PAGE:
GM granted that union health-care benefits would be paid to retirees in 2010; they would sell the Saab, Saturn, and Hummer divisions of their company, and reduce employment from 96,000 to 45,000 in 2012 (Arnadeo 2013). Chrysler was to repay the loan in 2017. By May 24, 2011 Chrysler repaid $7.5 billion to the government and deepened its ties with Italian automaker, Fiat SpA (reuters.com 2011). Ford was in better shape than G.M. and Chrysler, because it had already mortgaged its assets in 2006 for $24.5 billion (scottbourne 2012). In addition, Ford promised to accelerate the development of hybrid and battery powered cars, increase the production of smaller cars and sell its Volvo division. Ford did all of this without receiving any loans from the government. The Treasury in 2009 initially forecast it would lose $44 billion on its bailout of General Motors Co., Chrysler Group LLC and their finance arms. That forecast fell to $30 billion by the end of 2009, and as low as $14.3 billion in 2011 (Shepardson, David 2013). In 2009 the auto bailout was extremely frowned upon by US citizens.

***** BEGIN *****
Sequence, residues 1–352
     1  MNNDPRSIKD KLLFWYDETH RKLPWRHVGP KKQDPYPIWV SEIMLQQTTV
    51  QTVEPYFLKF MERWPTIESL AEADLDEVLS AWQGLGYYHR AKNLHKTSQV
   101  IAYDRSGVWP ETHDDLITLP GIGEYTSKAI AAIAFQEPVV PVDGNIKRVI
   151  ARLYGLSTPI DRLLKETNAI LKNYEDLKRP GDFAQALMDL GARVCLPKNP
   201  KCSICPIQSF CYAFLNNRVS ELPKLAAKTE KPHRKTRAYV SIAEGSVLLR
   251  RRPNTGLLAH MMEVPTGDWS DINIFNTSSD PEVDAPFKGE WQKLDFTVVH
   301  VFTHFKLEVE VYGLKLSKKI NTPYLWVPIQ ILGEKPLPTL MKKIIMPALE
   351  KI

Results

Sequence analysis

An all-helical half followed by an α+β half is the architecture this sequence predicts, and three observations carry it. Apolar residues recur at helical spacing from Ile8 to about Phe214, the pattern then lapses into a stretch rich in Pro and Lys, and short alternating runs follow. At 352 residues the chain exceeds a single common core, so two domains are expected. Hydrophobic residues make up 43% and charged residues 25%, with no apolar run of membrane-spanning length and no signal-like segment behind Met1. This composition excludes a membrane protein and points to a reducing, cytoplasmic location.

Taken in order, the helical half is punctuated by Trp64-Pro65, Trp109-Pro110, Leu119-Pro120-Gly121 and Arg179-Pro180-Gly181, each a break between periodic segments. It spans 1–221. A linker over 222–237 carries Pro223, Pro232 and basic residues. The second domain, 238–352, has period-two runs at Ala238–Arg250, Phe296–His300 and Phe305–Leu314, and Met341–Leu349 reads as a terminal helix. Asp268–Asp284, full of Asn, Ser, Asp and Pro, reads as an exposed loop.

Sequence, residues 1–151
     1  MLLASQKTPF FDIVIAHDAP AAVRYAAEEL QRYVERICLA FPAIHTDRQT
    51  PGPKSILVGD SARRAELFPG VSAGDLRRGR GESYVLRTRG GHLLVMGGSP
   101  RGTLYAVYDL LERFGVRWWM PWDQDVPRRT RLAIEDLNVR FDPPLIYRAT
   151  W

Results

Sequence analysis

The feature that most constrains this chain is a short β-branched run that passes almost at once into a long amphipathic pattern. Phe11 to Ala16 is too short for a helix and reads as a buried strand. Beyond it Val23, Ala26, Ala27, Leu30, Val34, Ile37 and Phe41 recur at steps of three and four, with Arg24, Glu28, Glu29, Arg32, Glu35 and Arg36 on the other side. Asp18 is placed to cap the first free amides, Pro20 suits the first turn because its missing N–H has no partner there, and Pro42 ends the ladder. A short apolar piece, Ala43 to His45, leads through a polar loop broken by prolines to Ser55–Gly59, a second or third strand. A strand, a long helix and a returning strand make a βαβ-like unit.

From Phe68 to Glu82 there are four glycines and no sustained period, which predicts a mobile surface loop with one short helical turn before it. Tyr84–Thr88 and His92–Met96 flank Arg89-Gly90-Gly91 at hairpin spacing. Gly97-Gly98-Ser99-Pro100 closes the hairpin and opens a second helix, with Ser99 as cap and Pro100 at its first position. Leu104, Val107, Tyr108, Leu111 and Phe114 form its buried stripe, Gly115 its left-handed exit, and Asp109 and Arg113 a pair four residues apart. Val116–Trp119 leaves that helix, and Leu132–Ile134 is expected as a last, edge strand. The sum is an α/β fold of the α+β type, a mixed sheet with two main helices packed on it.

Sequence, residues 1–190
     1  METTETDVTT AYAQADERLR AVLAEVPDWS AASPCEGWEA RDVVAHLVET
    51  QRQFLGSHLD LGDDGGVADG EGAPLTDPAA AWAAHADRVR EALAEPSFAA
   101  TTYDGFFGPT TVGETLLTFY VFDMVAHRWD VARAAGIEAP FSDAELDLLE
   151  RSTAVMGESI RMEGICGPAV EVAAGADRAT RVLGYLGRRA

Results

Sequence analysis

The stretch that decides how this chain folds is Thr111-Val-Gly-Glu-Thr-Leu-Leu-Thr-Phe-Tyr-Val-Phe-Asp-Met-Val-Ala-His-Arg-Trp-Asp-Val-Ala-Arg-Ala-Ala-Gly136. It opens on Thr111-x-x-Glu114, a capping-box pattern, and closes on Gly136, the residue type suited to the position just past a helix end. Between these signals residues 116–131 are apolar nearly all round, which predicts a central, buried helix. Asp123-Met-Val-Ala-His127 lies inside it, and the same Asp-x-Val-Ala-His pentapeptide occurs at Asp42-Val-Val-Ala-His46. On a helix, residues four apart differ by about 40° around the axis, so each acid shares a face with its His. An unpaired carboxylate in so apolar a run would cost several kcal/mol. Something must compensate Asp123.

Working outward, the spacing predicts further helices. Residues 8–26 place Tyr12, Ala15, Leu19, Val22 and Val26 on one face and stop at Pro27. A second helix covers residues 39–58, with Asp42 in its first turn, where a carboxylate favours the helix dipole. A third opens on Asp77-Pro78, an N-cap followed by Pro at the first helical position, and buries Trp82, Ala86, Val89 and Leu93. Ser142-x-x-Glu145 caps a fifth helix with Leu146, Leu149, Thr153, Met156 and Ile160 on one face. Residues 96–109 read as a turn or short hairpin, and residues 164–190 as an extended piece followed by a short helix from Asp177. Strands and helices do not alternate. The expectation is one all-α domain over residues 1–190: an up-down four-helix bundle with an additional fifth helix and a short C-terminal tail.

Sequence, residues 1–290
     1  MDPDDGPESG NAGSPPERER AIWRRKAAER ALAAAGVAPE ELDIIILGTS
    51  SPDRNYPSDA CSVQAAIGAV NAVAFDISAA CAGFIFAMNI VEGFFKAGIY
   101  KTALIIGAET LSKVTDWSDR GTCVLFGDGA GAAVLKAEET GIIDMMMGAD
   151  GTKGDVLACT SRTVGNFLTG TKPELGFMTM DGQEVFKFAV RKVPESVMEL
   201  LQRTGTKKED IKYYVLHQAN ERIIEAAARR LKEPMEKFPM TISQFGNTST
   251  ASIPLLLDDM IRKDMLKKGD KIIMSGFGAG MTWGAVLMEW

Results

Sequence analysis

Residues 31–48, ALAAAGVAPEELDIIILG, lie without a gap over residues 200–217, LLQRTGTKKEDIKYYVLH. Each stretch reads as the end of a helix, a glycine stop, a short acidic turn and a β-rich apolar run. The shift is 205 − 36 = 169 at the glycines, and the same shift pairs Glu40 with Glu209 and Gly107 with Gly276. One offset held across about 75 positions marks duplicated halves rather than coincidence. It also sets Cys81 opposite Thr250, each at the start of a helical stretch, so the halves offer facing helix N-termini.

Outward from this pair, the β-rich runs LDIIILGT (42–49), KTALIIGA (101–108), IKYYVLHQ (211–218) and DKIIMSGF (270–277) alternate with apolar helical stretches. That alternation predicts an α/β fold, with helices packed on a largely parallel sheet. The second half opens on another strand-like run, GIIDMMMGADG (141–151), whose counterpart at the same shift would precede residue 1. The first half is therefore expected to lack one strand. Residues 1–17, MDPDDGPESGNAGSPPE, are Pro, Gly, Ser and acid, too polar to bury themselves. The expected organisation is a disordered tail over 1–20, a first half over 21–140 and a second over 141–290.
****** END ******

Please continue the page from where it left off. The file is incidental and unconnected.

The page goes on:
Opinions swarmed that auto retailers brought the bankruptcy upon themselves, by not producing more energy efficient vehicles (Forexyard 2012). People believed that by agreeing to bail them out at this time, the government would be showing that they support the bad decisions of the auto companies. Many people felt that now is a good time to let these car companies die out and allow a new influx of auto retailers to take over the industry, producing more fuel-efficient cars (Forexyard 2012). Last, when the CEOs of the big three traveled to Washington DC to ask for the bailout, they each traveled in their own private jet. The costs totaled $40,000 per CEO. This ostentatious show of wealth was considered highly disrespectful to the taxpayers about to consider bailing them out (Deutch, Roni 2011).